There can be no argument that deliberately driving a van into a vulnerable road user, such as a motorcyclist, is dangerous such that a competent and careful driver would recognise it as obvious. In the normal course of events I do not think it could be argued that deliberately crashing a van into another road user does not falls far below what would be expected of a careful and competent driver. This is uncontroversial and PC Ellerton did not try to argue that his driving was anything other than dangerous when he went to trial.

How then did he secure an acquittal? PC Ellerton’s defence was not that his driving was safe but that he had a lawful excuse for driving dangerously. He relied on something called private defence, which includes self-defence, and allows you to use physical force up to an including causing the death of another person to protect yourself or others. The caveat is that the force you use must not be excessive to the situation you are facing.

PC Ellerton argued that Mr Ogungboro was riding so dangerously that he posed a serious risk to other road users that might result in the death or serious injury of a member of the public. He therefore acted in defence of Mr Ogungboro’s potential victims and put a stop to the danger as soon as he had a chance. PC Ellerton gave evidence that he was travelling very slowly when he hit the motorcycle. Certainly, Mr Ogungboro does not appear to have suffered any injuries given he was arrested two weeks later, again for an allegation of dangerous driving in which he was said to have been driving a van, which he crashed into a car while trying to escape from police officers.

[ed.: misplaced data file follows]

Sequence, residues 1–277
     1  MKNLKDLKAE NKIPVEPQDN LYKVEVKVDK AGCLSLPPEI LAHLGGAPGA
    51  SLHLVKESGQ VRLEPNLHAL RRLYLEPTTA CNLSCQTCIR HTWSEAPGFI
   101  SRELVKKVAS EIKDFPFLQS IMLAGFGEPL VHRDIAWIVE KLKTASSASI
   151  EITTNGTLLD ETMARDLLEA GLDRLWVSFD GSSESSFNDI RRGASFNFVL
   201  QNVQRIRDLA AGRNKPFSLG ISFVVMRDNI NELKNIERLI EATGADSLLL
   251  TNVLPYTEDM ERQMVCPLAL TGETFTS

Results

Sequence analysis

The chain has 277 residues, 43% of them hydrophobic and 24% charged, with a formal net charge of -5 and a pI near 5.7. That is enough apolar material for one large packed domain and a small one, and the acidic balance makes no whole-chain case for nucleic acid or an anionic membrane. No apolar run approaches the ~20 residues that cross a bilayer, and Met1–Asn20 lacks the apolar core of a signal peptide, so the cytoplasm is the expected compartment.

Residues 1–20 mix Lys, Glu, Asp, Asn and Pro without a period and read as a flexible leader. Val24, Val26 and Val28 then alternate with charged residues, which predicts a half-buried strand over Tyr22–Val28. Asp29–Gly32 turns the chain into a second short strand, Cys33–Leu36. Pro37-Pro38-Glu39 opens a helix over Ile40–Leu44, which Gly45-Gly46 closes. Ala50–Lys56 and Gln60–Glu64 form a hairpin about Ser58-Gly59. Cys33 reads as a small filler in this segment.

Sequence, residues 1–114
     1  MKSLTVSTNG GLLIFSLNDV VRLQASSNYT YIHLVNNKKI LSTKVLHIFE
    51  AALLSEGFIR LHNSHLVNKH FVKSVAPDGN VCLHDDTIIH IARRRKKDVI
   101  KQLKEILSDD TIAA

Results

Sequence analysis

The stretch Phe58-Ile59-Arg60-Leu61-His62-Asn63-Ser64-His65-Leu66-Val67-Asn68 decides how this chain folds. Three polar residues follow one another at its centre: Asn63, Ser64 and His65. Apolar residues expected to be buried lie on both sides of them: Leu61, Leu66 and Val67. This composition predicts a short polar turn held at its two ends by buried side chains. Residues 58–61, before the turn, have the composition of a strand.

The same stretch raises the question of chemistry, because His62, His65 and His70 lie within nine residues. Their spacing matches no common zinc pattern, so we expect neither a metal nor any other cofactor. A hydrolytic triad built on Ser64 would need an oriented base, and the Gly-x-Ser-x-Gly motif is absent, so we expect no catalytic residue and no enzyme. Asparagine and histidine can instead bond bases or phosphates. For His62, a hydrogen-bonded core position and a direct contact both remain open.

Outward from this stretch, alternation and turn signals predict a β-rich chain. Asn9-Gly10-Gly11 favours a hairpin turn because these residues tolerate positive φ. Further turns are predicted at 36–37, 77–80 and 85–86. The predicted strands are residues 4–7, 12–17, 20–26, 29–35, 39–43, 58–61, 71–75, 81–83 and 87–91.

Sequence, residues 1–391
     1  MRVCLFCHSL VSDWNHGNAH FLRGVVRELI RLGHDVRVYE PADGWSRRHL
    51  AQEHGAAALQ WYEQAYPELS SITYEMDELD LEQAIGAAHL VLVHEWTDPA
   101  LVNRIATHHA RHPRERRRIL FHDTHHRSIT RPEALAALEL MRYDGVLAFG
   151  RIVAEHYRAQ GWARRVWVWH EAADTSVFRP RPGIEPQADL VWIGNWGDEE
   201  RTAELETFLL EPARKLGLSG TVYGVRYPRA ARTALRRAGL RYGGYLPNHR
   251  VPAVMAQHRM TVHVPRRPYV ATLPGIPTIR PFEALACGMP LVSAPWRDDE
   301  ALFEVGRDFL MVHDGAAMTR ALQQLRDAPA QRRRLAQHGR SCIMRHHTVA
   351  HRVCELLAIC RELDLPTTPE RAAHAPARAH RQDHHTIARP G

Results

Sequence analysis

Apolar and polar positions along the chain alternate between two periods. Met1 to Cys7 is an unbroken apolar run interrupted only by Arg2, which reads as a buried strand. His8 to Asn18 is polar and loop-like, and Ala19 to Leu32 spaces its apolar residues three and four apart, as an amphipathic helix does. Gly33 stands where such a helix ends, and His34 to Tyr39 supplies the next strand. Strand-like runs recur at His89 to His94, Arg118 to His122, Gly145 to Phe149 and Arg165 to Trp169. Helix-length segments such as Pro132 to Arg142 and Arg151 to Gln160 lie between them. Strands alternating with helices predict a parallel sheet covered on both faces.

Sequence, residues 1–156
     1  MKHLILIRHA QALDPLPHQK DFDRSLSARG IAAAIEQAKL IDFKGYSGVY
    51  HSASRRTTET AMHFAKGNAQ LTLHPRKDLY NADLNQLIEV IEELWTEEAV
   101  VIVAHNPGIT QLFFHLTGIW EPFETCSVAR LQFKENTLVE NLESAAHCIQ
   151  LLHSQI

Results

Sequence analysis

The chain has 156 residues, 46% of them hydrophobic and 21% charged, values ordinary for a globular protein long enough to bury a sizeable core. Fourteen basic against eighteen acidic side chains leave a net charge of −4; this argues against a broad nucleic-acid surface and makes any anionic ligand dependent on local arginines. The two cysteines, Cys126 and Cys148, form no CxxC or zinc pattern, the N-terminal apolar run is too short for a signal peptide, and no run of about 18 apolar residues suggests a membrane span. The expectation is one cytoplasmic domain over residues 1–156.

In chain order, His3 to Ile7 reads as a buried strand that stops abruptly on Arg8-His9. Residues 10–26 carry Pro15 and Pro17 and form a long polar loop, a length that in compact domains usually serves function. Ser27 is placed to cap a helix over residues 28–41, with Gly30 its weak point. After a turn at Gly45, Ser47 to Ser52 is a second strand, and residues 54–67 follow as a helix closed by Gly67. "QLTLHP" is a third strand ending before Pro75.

The Crown argued that PC Ellerton’s actions were excessive, presumably because there was no immediate threat only a potential threat at some point soon and because driving a van into a motorcyclist was excessive to the threat posed by Mr Ogungboro’s driving.

The jury heard all the evidence, including an account from Mr Ogungboro who said he did not know that the van was being driven by police and would have stopped had he known – a claim that I imagine was undermined before the jury given just a couple of weeks later he was again being chased by police and again failed to stop when required to do so.

We do not know how the jury reached their decision but we can assume that they concluded Mr Ogungboro did pose a real threat to the life of others and that PC Ellerton’s actions were a reasonable response to that threat.

So, that’s the answer to how you can deliberately knock a motorcyclist off his bike and not be guilty of dangerous driving.

I know a lot of police officers have expressed concern, derision and outrage that the IPCC and CPS decided to prosecute PC Ellerton. For my part, I think the decision to prosecute was justified. He clearly drove dangerously, there can be no argument on that point since he accepted that fact at his trial. There was a legitimate argument that using a van as a weapon against a vulnerable road user, albeit one putting himself and others in danger, was excessive. With respect to police officers who feel aggrieved by this prosecution, this was always a decision for a jury to make rather than a faceless lawyer working behind the scenes.